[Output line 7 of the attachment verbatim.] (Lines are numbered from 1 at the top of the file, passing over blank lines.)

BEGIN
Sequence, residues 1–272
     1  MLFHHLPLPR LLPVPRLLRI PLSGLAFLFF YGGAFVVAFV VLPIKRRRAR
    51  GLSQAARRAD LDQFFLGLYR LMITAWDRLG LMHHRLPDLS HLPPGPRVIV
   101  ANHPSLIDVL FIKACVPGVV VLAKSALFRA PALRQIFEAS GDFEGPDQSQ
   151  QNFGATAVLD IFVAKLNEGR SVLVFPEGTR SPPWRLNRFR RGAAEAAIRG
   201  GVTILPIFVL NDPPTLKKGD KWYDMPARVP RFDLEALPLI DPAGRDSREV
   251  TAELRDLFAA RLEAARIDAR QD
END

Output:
   251  TAELRDLFAA RLEAARIDAR QD